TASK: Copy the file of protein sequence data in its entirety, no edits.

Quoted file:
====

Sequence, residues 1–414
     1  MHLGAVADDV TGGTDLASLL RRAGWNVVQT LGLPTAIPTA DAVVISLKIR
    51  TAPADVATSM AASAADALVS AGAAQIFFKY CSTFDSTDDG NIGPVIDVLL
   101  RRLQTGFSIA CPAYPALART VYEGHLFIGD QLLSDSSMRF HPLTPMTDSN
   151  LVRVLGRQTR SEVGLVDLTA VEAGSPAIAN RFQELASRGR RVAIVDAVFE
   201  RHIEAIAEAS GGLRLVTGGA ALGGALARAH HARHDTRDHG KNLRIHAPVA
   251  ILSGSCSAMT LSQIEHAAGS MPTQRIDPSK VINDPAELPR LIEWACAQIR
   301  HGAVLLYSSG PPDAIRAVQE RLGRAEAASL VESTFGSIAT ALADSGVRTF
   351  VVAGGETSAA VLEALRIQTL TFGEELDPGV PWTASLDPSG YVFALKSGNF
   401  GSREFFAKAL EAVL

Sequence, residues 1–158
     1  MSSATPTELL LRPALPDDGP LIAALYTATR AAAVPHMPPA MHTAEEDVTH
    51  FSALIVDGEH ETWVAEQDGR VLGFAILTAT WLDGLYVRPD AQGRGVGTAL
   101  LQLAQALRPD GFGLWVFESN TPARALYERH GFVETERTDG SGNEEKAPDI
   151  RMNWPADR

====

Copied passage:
Sequence, residues 1–414
     1  MHLGAVADDV TGGTDLASLL RRAGWNVVQT LGLPTAIPTA DAVVISLKIR
    51  TAPADVATSM AASAADALVS AGAAQIFFKY CSTFDSTDDG NIGPVIDVLL
   101  RRLQTGFSIA CPAYPALART VYEGHLFIGD QLLSDSSMRF HPLTPMTDSN
   151  LVRVLGRQTR SEVGLVDLTA VEAGSPAIAN RFQELASRGR RVAIVDAVFE
   201  RHIEAIAEAS GGLRLVTGGA ALGGALARAH HARHDTRDHG KNLRIHAPVA
   251  ILSGSCSAMT LSQIEHAAGS MPTQRIDPSK VINDPAELPR LIEWACAQIR
   301  HGAVLLYSSG PPDAIRAVQE RLGRAEAASL VESTFGSIAT ALADSGVRTF
   351  VVAGGETSAA VLEALRIQTL TFGEELDPGV PWTASLDPSG YVFALKSGNF
   401  GSREFFAKAL EAVL

Sequence, residues 1–158
     1  MSSATPTELL LRPALPDDGP LIAALYTATR AAAVPHMPPA MHTAEEDVTH
    51  FSALIVDGEH ETWVAEQDGR VLGFAILTAT WLDGLYVRPD AQGRGVGTAL
   101  LQLAQALRPD GFGLWVFESN TPARALYERH GFVETERTDG SGNEEKAPDI
   151  RMNWPADR